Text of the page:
Yup, that is what I'm considering now, Ram has discounts on the 1500 now and my dealership has several hybrid 1500 coming under 50k, I may make a change to a new Ram and trade in my old Ram and Mach-e with much lower payments and debt.
 

· Registered
Joined
·
279 Posts
I think PHEV is a good option and hopefully someone will soon manufacture a PHEV truck. I am not seeing the advantages to current Hybred trucks over none.

As I have posted before EVs are in their infancy and I am sure that given 100+ years to mature many of their current shortcomings will be solved and forgotten. The case in point is ICE.

We can debate which is better for the environment until we are blue in face. Our arguments are based on what others have dumped into the media which is biased with hidden agendas.

Availability, affordability and built out infrastructure is coming but is not here yet. EVs are not for everyone! For now they are for folks who can afford and obtain them.
 

· Registered
Joined
·
369 Posts
I don’t need to argue about reality. I’m in the industry, I’m all for solar, but the truth is just that. Agreed that PHEV is the mass market future for the next decade and EV is the elite luxury option, not doing much for the environment like that. Excluding small economy EVs like the bolt, probably the only current EV use case with clear advantages.
 

· Registered
Joined
·
279 Posts
I don’t need to argue about reality. I’m in the industry, I’m all for solar, but the truth is just that. Agreed that PHEV is the mass market future for the next decade and EV is the elite luxury option, not doing much for the environment like that. Excluding small economy EVs like the bolt, probably the only current EV use case with clear advantages.
Being in the industry probably makes you even more biased and less of an expert. You hear day in day out from folks who’s job depend on oil. Your job depends on oil!

Fraking for example has a much larger negative impact on the environment than lithium mining. BTW most of the lithium comes from South America. Drilling for and transporting of oil is far from clean. A lot of recorded disasters and destruction with more to come.

Being in the industry does not provide you with the ‘skinny’ and provide you with reality. We are both heavily influenced by our so called sphere of reality.
 

· Registered
Joined
·
198 Posts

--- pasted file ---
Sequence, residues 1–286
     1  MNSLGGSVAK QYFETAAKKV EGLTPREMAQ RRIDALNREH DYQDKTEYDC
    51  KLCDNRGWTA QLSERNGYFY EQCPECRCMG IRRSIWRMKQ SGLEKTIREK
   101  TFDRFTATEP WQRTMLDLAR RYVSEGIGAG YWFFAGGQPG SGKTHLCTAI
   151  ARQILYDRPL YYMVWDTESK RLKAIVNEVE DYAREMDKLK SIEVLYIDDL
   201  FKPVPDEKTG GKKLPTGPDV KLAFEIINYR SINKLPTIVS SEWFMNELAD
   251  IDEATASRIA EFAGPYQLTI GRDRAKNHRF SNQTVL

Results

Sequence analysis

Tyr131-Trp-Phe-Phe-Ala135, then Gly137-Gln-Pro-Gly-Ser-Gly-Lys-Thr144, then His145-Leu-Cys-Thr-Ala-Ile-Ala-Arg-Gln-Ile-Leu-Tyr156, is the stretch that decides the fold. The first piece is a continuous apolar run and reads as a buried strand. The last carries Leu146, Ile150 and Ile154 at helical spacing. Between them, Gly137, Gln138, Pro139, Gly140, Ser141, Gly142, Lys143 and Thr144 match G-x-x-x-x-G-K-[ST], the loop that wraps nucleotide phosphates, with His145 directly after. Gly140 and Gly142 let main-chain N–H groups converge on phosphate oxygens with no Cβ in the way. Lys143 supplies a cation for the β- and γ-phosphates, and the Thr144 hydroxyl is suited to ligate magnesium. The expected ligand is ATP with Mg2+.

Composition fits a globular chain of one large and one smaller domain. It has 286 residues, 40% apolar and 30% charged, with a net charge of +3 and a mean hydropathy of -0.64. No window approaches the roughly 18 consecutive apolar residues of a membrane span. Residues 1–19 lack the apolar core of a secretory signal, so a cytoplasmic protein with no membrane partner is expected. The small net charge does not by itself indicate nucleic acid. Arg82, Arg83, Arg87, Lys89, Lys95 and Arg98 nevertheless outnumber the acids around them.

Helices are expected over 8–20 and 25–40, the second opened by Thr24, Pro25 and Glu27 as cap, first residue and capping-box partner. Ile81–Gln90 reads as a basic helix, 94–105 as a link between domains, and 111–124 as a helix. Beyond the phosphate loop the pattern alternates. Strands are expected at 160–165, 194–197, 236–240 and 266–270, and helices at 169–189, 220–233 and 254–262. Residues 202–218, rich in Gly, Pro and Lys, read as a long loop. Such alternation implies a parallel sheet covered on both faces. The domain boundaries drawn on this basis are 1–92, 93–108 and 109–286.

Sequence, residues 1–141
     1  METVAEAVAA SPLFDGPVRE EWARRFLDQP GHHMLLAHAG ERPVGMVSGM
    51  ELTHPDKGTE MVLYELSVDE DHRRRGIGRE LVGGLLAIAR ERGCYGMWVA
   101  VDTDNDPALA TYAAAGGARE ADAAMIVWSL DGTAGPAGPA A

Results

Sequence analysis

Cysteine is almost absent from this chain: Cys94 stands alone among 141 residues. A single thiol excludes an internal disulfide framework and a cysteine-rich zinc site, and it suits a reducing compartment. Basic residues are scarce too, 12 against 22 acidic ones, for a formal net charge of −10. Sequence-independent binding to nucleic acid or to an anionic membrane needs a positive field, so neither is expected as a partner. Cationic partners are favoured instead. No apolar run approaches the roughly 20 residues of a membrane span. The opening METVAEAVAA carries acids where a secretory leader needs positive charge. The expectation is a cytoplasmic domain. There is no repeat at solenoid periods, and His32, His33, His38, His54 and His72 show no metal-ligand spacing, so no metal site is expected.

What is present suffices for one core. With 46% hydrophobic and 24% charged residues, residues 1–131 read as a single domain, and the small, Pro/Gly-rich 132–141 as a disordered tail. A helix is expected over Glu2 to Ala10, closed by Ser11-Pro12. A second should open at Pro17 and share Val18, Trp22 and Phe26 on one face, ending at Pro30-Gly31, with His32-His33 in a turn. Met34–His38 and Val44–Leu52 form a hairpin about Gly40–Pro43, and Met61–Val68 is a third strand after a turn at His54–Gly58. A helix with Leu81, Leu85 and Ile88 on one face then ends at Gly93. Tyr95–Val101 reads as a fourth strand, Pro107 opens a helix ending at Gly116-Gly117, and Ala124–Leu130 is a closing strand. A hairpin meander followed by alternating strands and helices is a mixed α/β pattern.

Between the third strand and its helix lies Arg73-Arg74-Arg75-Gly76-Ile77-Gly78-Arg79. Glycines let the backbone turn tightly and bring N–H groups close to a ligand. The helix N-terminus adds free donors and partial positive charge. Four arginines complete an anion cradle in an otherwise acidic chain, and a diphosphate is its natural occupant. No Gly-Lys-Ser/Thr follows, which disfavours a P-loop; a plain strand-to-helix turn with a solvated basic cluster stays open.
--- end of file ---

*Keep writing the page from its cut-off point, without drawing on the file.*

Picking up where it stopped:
I think mild hybrids are pretty much garbage. They get very small efficiency improvement, and IMO, overall not worth the hassle of the parts failing, complexity, and cost.

Toyota seems to be in the camp that as long as there's no clear winner, they'll just play in every field. They seem to just want to shotgun into all energy streams to avoid the risk of putting all their eggs in one basket or royally pissing off a major lobby/group. But the risk there is if you're middling in every field, you're master of none. We'll see how this works out for Toyota.

"And frankly, BEV’s are not the only way to achieve the world’s carbon neutrality goals. At Toyota we believe in creating a full portfolio of carbon reducing choices for our customers from hybrid electric vehicles, plug-in electric vehicles, battery electric cars, and fuel cell vehicles. Also, we are pursuing hydrogen fuel options like these GR-Yaris and GR-Corolla hydrogen powered concept cars. As we work to achieve a sustainable future, I also believe we need to take a holistic approach to carbon neutrality. "

Personally, I think BEV makes sense in the very long run for the majority of simple uses (you know, those uses that "true truck people" look down upon). I dunno why people like to gate-keep who/why needs a BEV truck. Nobody ever gatekeeps old folks who will never track their car from getting a Z06 or competition M3. "Truck people" like their exclusive club I guess.

Anyway, I think PHEVs serve existing segments of the population well - especially if it's just a commuter vehicle that rarely tops 50 miles round-trip. However they feel like a stop-gap solution aimed at a specific use-case that will eventually just become obsolete to BEV once battery densities improve and economies of scale drive down costs per kWh. It's going to be many decades before the heavy use cases get over to BEV or Hydrogen. But at least there's effort in that direction now. ... continuous trying/caring is the important part of any improvement.